Zac Efron shines for the Z Girls

Posted on June 18, 2010

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This week was the launch of the Maui Film Fest, which I had never attended. I’m usually in California at this time of the year, so I really never paid much attention. However, when I heard that Zac Efron was receiving the Shining Star award on opening night (June 16), I knew that I had to take my 10-year-old daughter Zofia to the festivities.

I had tried to line-up an interview with Efron — hoping to pull back some of his teeny-bob persona and reveal that he was worthy of the honor. Yes, he is best known as the guy from the “High School Musical” movies, but I respect the organizers of the film fest enough to take a second look at some of the other movies he has done.

Being the parent of a tween, I had seen all the “HSM” films, as well as “Hairspray” and “17 Again.” I unfortunately had not seen 2008’s “Me and Orson Wells,” and I couldn’t find a copy of it at Borders before the festival; I had hoped to find some concrete support for my thesis: Zac Efron is deserving of an acting award.

I didn’t get the interview, so I ended up taking Zofia for a girls night on the town — dinner with a view at Gannon’s followed by The Z Man. Z3 in the house.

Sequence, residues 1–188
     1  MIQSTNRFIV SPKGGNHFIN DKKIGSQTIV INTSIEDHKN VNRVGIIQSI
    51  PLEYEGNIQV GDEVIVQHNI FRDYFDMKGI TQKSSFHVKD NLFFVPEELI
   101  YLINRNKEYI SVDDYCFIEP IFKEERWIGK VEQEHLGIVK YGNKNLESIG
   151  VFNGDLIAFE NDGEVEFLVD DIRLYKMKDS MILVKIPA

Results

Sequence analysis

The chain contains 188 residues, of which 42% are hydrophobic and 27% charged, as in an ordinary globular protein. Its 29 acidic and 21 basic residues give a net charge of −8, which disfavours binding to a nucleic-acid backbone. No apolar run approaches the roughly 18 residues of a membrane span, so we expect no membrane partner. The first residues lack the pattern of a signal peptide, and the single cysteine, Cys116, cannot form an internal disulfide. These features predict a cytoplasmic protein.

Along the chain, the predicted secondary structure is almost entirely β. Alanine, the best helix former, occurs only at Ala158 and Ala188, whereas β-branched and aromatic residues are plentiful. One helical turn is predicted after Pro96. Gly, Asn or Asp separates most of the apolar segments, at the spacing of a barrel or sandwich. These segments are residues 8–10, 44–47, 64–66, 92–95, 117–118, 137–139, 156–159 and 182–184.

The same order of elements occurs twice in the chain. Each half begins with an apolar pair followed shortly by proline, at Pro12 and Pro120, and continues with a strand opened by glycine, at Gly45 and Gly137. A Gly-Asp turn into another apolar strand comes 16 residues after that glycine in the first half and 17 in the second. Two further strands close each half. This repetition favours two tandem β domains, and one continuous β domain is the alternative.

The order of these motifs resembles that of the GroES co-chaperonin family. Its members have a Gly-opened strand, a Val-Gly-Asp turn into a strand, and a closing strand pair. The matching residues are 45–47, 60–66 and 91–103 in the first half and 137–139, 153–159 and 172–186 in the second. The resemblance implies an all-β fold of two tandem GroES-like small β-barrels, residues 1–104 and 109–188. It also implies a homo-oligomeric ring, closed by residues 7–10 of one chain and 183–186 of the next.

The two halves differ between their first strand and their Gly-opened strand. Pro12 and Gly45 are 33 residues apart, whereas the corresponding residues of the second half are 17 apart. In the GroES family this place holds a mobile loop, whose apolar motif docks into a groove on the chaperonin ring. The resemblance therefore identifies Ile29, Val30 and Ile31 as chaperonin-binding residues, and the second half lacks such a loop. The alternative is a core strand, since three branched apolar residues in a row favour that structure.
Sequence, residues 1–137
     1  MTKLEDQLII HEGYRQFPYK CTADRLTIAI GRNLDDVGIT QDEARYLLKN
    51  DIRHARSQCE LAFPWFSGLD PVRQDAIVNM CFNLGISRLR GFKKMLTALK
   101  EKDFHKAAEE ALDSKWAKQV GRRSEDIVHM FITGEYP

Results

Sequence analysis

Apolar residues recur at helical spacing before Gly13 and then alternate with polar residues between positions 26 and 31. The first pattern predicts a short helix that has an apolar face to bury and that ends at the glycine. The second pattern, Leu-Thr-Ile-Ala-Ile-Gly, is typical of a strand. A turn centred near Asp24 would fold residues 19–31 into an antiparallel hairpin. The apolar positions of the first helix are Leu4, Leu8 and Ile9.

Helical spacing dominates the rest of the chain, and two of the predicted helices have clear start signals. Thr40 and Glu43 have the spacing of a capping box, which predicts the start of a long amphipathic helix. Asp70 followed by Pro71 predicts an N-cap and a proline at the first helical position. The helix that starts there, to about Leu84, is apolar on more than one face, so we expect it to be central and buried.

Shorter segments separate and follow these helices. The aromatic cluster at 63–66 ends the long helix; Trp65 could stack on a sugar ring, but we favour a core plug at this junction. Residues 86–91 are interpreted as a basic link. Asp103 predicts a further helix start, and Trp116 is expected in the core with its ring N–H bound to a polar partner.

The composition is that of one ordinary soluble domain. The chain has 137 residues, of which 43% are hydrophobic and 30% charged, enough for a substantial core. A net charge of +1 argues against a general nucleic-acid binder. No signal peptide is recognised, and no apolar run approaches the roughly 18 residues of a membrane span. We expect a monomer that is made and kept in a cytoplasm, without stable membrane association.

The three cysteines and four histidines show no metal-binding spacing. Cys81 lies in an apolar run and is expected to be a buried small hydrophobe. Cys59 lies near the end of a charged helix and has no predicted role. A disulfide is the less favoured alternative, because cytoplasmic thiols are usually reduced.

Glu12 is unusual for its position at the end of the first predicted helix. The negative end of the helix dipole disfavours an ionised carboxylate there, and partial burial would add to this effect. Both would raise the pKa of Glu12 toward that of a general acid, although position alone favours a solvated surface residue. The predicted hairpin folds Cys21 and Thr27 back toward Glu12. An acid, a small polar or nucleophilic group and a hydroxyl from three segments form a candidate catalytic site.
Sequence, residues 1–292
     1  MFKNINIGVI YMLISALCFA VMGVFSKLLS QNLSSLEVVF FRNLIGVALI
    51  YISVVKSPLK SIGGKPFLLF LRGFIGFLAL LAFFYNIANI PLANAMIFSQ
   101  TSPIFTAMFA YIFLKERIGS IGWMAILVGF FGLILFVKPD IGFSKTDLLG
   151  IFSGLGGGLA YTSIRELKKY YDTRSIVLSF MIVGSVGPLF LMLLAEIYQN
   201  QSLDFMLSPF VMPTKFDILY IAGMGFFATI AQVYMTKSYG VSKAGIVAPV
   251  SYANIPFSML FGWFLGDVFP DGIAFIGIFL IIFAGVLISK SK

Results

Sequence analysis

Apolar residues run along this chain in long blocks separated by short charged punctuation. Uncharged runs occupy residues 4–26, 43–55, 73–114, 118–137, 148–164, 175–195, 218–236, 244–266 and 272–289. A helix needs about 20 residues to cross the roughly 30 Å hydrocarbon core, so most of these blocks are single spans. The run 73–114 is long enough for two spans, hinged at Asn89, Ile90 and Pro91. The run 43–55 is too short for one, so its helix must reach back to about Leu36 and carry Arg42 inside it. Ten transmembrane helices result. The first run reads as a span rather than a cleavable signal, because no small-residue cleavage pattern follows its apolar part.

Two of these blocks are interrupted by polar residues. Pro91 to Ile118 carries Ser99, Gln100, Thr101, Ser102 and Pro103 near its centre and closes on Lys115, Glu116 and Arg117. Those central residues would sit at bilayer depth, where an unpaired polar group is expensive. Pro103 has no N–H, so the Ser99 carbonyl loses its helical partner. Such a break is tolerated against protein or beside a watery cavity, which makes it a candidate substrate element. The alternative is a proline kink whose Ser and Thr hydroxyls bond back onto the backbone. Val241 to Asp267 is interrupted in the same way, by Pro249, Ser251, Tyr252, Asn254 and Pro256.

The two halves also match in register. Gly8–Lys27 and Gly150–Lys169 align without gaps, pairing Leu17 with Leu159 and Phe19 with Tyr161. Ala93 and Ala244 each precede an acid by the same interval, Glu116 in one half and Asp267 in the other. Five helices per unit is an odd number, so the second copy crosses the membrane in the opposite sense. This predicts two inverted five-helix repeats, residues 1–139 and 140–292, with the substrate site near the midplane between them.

It is very understandable why the girls go crazy for Zac. He is a beautiful young man; he’s 22. His blue eyes sparkled as bright as the Maui stars above Wailea. πŸ˜‰ Want some wine with that cheese, Zan?

I’m not certain if Zac’s transition from teen-idol to adult actor will be smooth– or soon — but I do know that one scene from “17 Again” in the reel that preceded the awards presentation literally brought a tear to my eye.

Zac co-stars with Amanda Crew, Ray Liotta and Kim Basinger in the upcoming film “Charlie St. Cloud.” The movie is a romantic drama about a young man overcome by grief at the death of his younger brother. It seems like the movie has the potential to help Efron be taken more seriously as an actor as he fights the curse of being beautiful and loved by all the young girls.

I was a little disappointed that the audience at the Shining Star awards presentation welcomed Efron with a lukewarm response — except the young girls, who sufficiently screamed with glee. Despite that he’s best known for his tween-appeal, one would think Maui would step up with a bit more Aloha.

Seriously, Maui Film Fest organizers go to a lot of trouble to present this great event. Let us keep an open mind and not dismiss the talent of a young actor just because he’s best known for Disney-type roles. He may have his “Pulp Fiction” moment any day now.

Or not.

For another perspective on Island life and the Maui entertainment scene, check out my Rhythm & Views blog, which is featured on the Maui No Ka Oi Magazine website.

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